Can the vagus nerve help us cope with trauma?
Stimulating this complex nerve can be key to healing. Experts explain how.
The vagus nerve is getting a lot of attention lately, as recent research suggests that it plays an important role in our trauma responses and in moderating inflammation in the body. Given the fact that we’ve all been through a recent collective traumatic experience, courtesy of the COVID pandemic, it seems more important than ever to understand what the vagus nerve is and how it impacts our physical and emotional health. I asked experts to help me investigate how the vagus nerve may help us heal from trauma.
What is the vagus nerve?
The vagus nerve is the longest and most complex cranial nerve in our body, says Nicole Rainey, a psychotherapist in Tallahassee who uses art therapy to help folks with trauma. “It starts in our face and connects from our brain, down our spine, and through to our core, and it touches many of our body's systems along the way,” she explains. Basically, this giant nerve connects our brain to the rest of our body.
What does the vagus nerve do?
Okay, cool, but what does that actually mean in practice? To answer this question, Rainey suggests a visualization. “Imagine this,” she says. “Your vagus nerve gets an alarming sensation, and it sends a message through your whole body. Almost instantaneously this nerve can constrict your throat and make you feel like your throat is tightening up. Then it sends a message to the heart to pump more blood, which causes your heart to race and constricts your lungs, causing shortness of breath. Finally, the vagus nerve sends alarms to your gut, causing ‘knots,’ and even nausea.” In other words, when the vagus nerve gets input — either from the outside world or from a feeling you’re having — it engages your whole body.
The purpose of all this is to keep you safe. If, for example, you are in an actually dangerous scenario, the vagus nerve will send all these messages to your body so you respond without even thinking about it. The problem: Sometimes the vagus nerve is stimulated when you’re just telling stories in your head, and you don’t actually need those body systems to respond and ratchet up your anxiety. To make matters worse, if the vagus nerve isn’t functioning effectively, you can get stuck in this anxious state.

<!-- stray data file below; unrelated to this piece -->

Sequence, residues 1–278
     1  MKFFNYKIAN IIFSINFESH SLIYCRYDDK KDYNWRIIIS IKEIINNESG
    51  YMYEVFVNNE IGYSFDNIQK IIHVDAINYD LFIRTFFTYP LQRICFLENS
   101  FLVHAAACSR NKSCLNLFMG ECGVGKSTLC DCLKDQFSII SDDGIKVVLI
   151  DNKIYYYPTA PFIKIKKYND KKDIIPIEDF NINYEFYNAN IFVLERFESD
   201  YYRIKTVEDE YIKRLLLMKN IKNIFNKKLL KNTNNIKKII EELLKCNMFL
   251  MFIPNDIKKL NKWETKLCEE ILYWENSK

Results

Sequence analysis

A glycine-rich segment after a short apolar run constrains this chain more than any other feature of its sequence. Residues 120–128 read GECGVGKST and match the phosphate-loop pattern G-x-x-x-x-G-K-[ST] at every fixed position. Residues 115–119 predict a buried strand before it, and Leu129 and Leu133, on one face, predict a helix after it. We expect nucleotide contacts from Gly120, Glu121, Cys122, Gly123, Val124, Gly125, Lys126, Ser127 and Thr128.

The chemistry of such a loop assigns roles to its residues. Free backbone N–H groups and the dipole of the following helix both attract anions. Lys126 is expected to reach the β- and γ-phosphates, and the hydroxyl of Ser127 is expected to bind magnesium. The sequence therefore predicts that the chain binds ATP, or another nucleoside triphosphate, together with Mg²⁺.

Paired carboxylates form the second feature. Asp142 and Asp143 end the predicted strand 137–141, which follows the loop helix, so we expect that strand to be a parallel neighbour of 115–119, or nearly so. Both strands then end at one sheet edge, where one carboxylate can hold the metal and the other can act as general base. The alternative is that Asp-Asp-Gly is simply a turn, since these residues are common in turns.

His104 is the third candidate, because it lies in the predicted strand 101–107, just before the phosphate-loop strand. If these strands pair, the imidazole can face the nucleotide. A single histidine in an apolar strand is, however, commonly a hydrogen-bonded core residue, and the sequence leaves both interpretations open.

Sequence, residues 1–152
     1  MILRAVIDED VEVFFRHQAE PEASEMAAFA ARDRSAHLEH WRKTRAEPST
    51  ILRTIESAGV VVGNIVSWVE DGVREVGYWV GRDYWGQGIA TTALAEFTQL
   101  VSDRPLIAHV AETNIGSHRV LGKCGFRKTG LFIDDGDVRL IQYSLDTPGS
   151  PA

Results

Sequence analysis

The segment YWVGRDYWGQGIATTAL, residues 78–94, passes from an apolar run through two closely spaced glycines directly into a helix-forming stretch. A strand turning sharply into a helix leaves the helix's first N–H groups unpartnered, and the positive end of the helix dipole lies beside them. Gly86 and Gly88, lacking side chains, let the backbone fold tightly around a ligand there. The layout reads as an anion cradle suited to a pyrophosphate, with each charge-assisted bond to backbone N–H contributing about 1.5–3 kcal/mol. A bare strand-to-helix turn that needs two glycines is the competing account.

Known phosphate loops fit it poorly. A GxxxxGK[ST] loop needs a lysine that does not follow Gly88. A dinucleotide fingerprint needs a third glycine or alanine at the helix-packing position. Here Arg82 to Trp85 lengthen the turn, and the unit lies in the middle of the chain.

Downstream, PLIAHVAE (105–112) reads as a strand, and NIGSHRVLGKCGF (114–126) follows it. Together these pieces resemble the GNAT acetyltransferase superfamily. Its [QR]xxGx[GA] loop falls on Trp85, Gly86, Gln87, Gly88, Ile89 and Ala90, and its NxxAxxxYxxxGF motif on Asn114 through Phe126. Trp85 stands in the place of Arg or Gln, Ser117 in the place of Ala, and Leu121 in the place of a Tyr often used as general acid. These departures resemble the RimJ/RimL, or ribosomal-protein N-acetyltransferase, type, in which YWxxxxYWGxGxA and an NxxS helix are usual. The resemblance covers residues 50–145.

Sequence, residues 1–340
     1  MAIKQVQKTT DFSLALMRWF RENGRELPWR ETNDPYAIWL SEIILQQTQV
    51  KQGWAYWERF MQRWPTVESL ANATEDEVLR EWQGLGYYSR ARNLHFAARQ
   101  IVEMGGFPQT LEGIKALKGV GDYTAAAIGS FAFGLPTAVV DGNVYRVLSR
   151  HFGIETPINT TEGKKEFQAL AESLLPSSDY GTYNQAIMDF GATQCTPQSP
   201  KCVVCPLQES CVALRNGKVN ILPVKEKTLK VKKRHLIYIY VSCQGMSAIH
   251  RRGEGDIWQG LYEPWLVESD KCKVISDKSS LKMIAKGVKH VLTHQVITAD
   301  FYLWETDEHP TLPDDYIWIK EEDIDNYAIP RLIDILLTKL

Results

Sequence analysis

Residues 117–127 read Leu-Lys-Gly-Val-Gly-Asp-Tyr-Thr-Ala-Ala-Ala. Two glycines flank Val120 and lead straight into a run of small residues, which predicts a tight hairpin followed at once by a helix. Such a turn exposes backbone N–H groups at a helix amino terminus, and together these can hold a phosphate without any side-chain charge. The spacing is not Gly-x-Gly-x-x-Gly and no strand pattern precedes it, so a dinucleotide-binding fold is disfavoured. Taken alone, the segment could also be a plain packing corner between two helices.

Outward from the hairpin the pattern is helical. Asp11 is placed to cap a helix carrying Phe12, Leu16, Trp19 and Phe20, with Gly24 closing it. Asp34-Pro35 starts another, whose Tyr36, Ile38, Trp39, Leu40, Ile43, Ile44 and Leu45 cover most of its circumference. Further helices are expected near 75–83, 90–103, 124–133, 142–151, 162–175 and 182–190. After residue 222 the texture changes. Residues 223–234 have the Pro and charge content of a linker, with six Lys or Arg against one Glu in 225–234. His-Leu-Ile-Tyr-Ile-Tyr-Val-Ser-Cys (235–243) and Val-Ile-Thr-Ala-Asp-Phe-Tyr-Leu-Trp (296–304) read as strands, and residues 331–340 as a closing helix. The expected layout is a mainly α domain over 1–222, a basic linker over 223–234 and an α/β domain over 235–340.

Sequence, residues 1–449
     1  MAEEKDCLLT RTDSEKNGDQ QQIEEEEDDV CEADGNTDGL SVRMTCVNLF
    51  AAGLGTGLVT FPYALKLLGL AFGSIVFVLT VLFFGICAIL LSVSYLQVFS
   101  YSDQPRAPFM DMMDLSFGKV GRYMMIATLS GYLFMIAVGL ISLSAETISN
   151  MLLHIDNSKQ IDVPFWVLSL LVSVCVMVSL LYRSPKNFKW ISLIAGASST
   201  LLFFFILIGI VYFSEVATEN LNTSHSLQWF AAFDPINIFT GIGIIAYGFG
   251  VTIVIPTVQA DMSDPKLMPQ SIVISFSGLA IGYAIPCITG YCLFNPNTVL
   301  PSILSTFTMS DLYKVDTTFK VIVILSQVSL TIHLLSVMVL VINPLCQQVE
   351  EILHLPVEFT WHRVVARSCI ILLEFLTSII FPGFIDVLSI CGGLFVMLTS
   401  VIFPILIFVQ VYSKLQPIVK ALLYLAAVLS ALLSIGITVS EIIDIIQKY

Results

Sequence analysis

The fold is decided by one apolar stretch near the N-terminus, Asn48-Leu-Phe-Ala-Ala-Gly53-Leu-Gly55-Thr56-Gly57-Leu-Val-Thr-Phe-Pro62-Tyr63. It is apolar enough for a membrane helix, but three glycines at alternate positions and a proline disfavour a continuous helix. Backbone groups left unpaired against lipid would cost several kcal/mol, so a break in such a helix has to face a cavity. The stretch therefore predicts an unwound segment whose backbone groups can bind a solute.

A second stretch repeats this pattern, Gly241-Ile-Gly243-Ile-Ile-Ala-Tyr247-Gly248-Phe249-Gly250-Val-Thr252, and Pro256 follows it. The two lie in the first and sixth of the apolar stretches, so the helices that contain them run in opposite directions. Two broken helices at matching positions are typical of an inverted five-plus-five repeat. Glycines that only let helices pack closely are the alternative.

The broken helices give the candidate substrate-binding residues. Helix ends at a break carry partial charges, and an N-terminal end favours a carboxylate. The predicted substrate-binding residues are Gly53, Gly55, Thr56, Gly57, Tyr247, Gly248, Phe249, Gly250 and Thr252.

It feels crucial to note, says Rainey, that these responses are involuntary — meaning they happen without our awareness or control. I love this point because it reminds me that when I “overreact,” it’s not a character flaw; it’s just the reality of having a nervous system. But that doesn’t mean that you can’t do anything to boost the health of your vagus nerve. In the yoga world, people have hypothesized for decades that “toning” the vagus nerve may help people heal from trauma — and now, science finally seems to be backing up some of those theories.
How can the vagus nerve help with trauma?
“Trauma results from two co-occurring stress-induced phenomena that keep us stuck in the past, making it difficult to attain long periods of vagal homeostasis,” says Menemsha Milnor, a psychotherapist in NYC who focuses on trauma therapy. “The first happens when energy gets trapped or frozen in the vagus nerve, and the second happens when memories are stored dysfunctionally in the brain. In other words, when we experience a disturbing event, our thoughts, feelings, and sensations get locked in the nervous system, forcing our body to continuously relive the event long after it ends.” So, if you’re able to restore your vagal nerve to a balanced state — homeostasis — you can actually feel better after trauma.
That’s why so many somatic (body-based) therapies target the vagus nerve. “Therapies that focus on the vagus nerve can be very effective with trauma,” Rainey says. “Trauma healing is done with our whole body, not just our mind. We must activate and engage our body to heal holistically from trauma.”
How do you “tone” the vagus nerve?
Okay, but how do you actually “do” anything about a nerve located deep beneath your skin? Incorporating holistic approaches like art making, music, yoga, movement, and animals have become the new standard in trauma care, Rainey says.
I love talk therapy, but the reality is that sometimes I can talk all day and still feel really bad in my body. That’s because our emotional experience is also a physical experience. “Trauma is stored in our body, so ‘telling our story’ out loud is not enough to heal from trauma,” Rainey says. “We must allow our body to have corrective experiences. We must allow our vagus nerve to experience safety, calm, and even play before the trauma is truly in the past.” This makes a lot of sense to me and explains why sometimes it feels hard to “let things go.” If you have trauma, your body will hold on, even if your mind tries to relax.
Most experts agree that the vagus nerve can help us heal from trauma, but caution against going it alone or with the “help” of internet healing advice. “If you are experiencing PTSD, it is advised that you seek the help of a therapist who is trained in body-based modalities,” Milnor says.
Rainey agrees. “Having a trained professional to filter that out can make this healing process quicker and also protect your vagus nerve from triggers along the way,” she says. If you want to binge on polyvagal theory, you can, but Rainey is emphatic that healing shouldn’t be a task undertaken alone. As she says, “Books and podcasts are great, but they can't conceptualize your own experience and healing journey.”
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